It's an insight that could have significant implications for the assessment of people with various movement disorders such as some stroke victims, says Dr. Randy Flanagan, who conducted the study with Dr. Roland Johansson of Umea University in Sweden.
The methods employed in the study could be used to determine whether people with impaired movement control also have problems understanding and perceiving the actions of others. The answer to this question will have implications for both diagnosis and assessment.
"This helps to explain how we understand the movements of others," Dr. Flanagan says. "We perceive an action by running it at some covert level in our own system. An example would be when sports fans watch football on TV and move in anticipation of action on the screen."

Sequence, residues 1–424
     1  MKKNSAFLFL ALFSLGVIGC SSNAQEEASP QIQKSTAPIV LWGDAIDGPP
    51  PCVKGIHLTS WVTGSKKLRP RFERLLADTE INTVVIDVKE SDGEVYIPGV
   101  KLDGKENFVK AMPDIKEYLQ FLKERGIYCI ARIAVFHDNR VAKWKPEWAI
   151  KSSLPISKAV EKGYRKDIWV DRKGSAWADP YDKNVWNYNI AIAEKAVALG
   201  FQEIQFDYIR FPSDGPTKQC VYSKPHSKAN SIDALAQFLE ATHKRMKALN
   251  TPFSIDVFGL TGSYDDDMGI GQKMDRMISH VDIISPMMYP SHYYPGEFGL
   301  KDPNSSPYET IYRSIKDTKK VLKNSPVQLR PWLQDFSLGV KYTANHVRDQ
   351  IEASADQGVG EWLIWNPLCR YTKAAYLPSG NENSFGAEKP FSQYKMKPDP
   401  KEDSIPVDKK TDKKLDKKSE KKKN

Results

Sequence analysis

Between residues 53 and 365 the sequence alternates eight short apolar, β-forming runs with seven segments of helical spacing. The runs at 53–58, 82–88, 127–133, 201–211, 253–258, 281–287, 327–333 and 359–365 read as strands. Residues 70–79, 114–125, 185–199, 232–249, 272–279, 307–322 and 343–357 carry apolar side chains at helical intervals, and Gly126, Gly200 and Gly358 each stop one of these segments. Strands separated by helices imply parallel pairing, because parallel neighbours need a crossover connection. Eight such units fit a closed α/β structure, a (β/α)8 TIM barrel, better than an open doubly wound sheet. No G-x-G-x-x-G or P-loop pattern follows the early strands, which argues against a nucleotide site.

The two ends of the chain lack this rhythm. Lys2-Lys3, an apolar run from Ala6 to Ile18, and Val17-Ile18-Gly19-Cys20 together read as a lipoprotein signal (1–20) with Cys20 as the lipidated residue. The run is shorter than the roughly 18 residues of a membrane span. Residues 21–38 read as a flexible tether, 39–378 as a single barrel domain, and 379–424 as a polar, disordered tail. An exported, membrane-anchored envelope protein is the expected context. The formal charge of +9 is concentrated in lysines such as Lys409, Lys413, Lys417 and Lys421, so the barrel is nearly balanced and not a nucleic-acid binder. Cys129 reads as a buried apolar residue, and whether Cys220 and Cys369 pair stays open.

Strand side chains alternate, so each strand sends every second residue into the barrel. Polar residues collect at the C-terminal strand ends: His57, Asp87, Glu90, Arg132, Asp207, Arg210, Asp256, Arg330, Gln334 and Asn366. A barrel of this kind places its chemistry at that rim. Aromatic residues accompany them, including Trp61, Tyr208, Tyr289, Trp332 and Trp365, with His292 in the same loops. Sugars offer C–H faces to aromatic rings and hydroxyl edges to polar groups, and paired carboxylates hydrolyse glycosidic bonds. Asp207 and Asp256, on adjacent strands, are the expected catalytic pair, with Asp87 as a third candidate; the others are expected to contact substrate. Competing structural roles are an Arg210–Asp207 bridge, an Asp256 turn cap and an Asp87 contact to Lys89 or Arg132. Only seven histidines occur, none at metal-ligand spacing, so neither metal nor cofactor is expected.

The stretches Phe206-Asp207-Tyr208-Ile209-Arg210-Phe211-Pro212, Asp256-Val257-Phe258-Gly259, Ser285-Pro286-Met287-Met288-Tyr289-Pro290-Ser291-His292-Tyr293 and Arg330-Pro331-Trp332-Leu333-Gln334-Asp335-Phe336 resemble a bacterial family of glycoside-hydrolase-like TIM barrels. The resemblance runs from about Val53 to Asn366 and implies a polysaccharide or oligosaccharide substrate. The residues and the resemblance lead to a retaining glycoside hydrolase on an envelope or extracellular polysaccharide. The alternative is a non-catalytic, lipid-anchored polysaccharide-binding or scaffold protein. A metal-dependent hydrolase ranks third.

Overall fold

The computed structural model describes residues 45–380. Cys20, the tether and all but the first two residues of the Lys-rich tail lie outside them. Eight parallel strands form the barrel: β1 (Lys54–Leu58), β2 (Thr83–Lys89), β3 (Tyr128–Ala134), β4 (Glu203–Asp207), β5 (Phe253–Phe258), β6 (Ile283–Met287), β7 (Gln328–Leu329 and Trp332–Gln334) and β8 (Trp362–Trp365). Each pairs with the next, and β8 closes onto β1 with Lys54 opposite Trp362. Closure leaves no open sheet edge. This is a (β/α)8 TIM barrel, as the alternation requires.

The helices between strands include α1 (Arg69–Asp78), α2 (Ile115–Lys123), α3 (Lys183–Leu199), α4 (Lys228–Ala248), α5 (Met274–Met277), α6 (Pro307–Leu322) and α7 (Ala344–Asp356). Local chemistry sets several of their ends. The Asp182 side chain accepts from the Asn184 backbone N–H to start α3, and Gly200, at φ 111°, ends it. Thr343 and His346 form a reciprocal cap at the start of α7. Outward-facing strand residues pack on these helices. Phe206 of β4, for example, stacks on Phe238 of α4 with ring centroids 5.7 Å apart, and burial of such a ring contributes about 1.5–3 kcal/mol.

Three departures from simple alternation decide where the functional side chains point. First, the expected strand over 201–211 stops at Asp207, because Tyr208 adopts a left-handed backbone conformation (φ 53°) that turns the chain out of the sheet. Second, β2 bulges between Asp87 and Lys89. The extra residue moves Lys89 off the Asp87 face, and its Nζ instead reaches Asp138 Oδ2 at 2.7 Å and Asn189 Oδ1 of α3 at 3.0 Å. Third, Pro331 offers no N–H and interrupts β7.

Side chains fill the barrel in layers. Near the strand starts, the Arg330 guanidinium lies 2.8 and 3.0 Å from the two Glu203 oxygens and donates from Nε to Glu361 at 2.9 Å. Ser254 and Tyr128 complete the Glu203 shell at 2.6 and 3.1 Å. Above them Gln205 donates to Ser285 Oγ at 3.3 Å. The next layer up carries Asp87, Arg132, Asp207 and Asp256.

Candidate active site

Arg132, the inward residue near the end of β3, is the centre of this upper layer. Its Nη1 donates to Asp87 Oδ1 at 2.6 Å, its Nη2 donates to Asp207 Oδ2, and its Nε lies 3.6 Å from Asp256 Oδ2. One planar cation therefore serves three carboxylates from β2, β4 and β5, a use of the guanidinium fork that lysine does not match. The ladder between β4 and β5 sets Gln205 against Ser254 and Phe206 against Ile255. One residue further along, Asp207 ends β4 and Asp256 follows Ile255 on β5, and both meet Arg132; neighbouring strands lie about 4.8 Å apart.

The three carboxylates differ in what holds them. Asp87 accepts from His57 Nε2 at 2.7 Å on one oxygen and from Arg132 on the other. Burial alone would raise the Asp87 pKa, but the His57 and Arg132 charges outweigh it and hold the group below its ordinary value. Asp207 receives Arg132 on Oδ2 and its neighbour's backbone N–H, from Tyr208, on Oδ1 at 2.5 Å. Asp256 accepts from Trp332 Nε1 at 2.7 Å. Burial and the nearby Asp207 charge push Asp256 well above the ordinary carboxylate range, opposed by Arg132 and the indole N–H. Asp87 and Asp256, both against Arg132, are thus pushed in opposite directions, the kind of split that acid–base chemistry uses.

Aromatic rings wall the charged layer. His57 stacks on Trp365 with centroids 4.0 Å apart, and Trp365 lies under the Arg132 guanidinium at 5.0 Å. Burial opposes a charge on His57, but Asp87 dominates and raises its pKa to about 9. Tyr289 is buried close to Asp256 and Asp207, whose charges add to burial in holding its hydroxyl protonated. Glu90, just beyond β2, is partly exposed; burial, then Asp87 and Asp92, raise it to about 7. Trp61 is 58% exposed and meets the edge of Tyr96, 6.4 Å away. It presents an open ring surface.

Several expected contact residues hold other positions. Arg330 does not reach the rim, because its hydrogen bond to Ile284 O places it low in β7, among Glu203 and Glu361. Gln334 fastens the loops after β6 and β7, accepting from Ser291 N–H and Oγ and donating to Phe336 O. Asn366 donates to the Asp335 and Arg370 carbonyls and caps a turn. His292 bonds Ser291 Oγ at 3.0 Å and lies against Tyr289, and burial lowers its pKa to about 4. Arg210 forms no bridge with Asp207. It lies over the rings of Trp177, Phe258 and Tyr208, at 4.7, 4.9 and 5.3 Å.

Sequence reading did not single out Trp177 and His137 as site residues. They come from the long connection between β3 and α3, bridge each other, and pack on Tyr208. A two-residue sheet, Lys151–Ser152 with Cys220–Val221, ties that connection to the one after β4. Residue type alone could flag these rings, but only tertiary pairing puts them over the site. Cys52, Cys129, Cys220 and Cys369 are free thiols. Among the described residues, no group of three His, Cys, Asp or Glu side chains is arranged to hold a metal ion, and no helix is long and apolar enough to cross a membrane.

Although this theory is supported by previous neuro-physiological and brain imaging studies, until now there has been little direct, behavioural evidence.
Dr. Flanagan's findings are published this week in the current edition of Nature.
The study builds on earlier findings by other researchers showing that some brain cells fire not only when picking up an object, but also when watching an experimenter do the same thing. Rather than mere imitation, Dr. Flanagan believed that such neural activity was a way of understanding the action in anticipation of performing it.
The current Queen's study uses human subjects to examine patterns of eye-hand coordination when performing and observing a simple block-stacking task. The researchers discovered that, both in watching and performing the task, people's gaze pattern is the same.